What I’ve Effed Up So Far
|Lisa Rosen||Jan 10|
Welcome to my random musings about the world, on a weekly-to-occasional basis.
When we went to Vietnam the first time, early in our nomad days, we were still at the beginning of a steep learning curve. We were (perhaps unconsciously) trying to figure out what kind of people we wanted to be in the world. We didn’t think about it in those terms, of course—we were busy thinking about how to buy cotton balls, and how to get the laundry done, and why did my underwear come back full of holes?
We stayed in a lovely little hotel in a lovely little town named Hoi An. It’s a very touristy town, because of the well-preserved colonial architecture in its compact center. The hotel was beautiful, the staff could not have been nicer, the town was a respite. We liked it so much we extended our stay, and then extended again. We wound up spending a month there, which we look back on with great fondness.
Except for one thing.
Breakfast was served every morning in a room looking out at the pool, and the jungle beyond. We sat in that room for hours every morning, on our computers, drinking Vietnamese coffee and working. It was truly a tiny little hotel, with maybe about eight staff people, and we were sort of odd visitors, staying so long. Everyone was so very kind, and we started to feel quite attached to them. I’m still FB friends with Mai.
The egg guy in the breakfast room (there’s always an Egg Guy) was a very enthusiastic young man who was trying hard to learn a few words of English. Every day he made me two eggs, scrambled with cheese, not runny, and by day three had memorized my order. A couple of weeks in, he invited us to his other restaurant. He gave me the name.
Great, we thought. We’re in with a local! So off we went.
When we arrived, we were surprised to find that it was not, as we had expected, “his” restaurant—hello, language confusion—but the restaurant in which he worked when he wasn’t at the hotel. But we were still thrilled. It turned out to be an NGO-sponsored training restaurants, which is our favorite kind of place to support, so that was a huge added bonus, in our minds.
When I went to wash my hands after we arrived, I saw “our” chef in the kitchen, and gave him a big wave and a thumbs-up. We’re here! We’re rah-rah cheerleading on your behalf!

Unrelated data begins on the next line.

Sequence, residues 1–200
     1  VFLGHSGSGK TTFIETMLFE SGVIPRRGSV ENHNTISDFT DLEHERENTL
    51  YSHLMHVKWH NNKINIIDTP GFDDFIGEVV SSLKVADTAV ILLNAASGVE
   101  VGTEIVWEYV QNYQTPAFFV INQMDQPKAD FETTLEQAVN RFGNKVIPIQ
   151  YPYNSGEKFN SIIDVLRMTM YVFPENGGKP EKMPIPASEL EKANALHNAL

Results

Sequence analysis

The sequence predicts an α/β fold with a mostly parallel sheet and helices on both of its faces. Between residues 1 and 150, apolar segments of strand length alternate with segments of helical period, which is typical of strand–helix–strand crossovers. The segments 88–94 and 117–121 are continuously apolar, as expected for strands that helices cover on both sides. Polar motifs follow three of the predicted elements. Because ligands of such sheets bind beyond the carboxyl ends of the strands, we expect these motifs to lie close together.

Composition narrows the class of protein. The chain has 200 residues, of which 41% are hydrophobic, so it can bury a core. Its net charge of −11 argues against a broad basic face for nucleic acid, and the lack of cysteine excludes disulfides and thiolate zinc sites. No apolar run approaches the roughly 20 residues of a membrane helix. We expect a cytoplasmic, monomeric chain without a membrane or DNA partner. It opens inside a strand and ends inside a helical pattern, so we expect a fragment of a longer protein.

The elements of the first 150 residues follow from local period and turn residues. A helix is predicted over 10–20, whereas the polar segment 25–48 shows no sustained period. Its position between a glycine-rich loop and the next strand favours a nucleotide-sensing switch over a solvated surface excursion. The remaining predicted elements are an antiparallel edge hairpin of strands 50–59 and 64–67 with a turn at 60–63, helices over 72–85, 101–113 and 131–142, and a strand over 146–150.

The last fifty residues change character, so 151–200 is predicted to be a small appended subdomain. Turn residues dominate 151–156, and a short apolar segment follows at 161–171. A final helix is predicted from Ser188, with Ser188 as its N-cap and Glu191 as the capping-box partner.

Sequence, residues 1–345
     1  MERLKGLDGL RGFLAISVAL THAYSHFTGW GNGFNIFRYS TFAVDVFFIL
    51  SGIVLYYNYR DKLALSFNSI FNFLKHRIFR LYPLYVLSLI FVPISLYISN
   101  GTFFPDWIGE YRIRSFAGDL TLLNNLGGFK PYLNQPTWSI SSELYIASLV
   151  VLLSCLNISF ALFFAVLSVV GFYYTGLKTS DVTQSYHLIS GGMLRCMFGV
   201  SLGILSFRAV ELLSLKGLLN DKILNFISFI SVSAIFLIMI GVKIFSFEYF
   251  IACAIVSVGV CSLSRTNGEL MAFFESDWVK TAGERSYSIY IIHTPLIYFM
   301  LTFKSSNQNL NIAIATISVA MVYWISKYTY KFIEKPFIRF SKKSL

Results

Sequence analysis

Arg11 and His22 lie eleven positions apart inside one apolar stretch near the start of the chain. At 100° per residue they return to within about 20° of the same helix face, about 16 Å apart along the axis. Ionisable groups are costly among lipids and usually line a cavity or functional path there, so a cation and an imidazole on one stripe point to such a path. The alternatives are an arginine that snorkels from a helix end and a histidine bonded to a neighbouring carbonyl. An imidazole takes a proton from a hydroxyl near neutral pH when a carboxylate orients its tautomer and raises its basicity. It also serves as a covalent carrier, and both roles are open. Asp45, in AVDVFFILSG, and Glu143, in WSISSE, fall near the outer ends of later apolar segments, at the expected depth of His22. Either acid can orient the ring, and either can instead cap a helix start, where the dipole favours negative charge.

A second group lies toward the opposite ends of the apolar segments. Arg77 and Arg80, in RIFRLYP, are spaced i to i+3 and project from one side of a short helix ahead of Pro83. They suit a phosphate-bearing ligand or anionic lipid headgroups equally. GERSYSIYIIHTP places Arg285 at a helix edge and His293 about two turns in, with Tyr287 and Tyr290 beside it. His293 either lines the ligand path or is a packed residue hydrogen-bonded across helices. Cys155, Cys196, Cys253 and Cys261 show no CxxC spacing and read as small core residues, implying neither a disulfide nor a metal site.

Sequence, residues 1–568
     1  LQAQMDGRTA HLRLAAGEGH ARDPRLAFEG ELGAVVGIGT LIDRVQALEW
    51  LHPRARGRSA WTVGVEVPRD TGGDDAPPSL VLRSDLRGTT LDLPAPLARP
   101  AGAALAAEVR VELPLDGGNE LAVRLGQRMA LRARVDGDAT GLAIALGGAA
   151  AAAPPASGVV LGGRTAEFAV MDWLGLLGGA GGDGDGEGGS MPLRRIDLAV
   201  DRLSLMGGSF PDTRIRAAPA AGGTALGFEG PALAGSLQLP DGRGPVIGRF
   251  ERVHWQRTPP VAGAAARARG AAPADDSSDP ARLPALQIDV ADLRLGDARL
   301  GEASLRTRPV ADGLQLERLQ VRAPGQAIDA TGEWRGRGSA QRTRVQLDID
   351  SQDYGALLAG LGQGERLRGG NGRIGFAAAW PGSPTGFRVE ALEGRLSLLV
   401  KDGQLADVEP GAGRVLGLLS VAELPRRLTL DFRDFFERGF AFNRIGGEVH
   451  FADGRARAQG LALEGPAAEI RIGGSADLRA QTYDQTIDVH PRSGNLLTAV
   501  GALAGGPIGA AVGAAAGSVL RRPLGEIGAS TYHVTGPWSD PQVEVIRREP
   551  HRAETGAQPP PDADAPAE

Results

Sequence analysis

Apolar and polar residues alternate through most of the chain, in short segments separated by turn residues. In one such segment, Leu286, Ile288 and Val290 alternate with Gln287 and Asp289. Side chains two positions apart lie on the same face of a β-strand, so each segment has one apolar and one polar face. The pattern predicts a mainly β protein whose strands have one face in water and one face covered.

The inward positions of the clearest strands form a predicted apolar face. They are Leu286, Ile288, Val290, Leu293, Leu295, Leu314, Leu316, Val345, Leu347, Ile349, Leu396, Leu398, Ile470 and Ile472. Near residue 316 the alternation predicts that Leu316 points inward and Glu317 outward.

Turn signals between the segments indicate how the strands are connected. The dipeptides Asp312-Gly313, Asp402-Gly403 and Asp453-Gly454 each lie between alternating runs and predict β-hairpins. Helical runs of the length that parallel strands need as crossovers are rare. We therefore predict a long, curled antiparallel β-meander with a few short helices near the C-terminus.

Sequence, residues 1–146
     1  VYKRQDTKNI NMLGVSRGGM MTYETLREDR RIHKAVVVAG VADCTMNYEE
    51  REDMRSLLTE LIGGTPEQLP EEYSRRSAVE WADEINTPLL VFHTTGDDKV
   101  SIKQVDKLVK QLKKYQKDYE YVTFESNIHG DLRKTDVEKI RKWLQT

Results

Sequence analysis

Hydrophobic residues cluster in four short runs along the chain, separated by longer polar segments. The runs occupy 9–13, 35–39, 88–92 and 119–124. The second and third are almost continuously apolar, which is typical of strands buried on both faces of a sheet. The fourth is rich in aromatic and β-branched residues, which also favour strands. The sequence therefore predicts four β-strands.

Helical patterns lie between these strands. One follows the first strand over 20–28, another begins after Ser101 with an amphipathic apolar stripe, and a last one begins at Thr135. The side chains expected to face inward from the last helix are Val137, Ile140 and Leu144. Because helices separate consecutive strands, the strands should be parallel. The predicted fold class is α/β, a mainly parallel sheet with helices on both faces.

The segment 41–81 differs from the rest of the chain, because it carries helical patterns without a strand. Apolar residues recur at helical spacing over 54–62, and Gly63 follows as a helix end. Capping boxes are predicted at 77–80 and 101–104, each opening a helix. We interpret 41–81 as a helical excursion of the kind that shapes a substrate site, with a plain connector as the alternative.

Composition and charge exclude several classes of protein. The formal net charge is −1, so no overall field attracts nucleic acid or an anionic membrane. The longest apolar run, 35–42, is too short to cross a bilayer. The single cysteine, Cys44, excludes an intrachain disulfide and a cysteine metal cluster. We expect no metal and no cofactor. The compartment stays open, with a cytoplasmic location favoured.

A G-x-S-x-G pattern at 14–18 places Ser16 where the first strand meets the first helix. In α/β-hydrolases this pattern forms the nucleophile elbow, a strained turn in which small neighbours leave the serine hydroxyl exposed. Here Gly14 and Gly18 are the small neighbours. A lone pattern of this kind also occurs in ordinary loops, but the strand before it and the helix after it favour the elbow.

Later, after we’d read the back of the menu (all about the NGO’s mission and fundraising) and had a delicious lunch, the American who had founded the place stopped by to make sure we’d enjoyed our meal. He was great—we felt as if we’d met a kindred spirit, but one who was much more willing to live his beliefs. He’d started this place in order to train at-risk youth in an employable skill. He was working on fundraising in the US, so that he could open a similar place in Ho Chi Minh City, focusing specifically on helping gay street kids. That’s a mission that’s near and dear to my heart—I was so impressed with his work.
The food was fantastic, I told him. I told him all about the great job the young man at our hotel was doing—he was a credit to the training program, representing well in the industry. I told him all about our kid in culinary school, and our concerns about LGBTQ rights all over the world. He told us about the American ambassador to Vietnam, and what a great guy he is.
We went on our way.
A couple of days later, as I was finishing my breakfast, the young woman who helped Egg Guy in the dining room came to my table.
“He wants to tell you goodbye,” she said, pointing back toward Egg Guy, who gave me a small wave.
In my utter obliviousness, I gave him a huge smile. “Excellent! Where is he going?”
We stumbled through the translation for a minute, but with growing horror, I realized what I’d done. Part of his contract with the NGO is that he’s not allowed to moonlight. I’d ratted him out to the boss, and he’d been given an ultimatum: quit at the hotel, or get booted out of the program.
The waitress went on to tell me how hard it was—his wife having a new baby, and all.
I was gutted. Back in our room, I cried, wanting Lee’s sympathy—I didn’t know what to do with this guilt I was experiencing.
“It’s not about you,” he pointed out. He was right. I had made a mistake—one that had real consequences for someone else—but that would impact me in no way whatsoever.
I wasn’t sure what to do with that. It was a sobering lesson in . . . what? Unintended consequences? Look before you leap? A reminder that there are always real people on the other end of our actions, and even if we don’t know them, they’re not so different from us? It’s possible to break things for other people without even realizing we’re doing it?
All of the above, I suppose. It was a hard lesson, but I’m pretty certain it was much harder for Egg Guy than for me. The harder question, though, is this: what else have I broken, without even realizing it?
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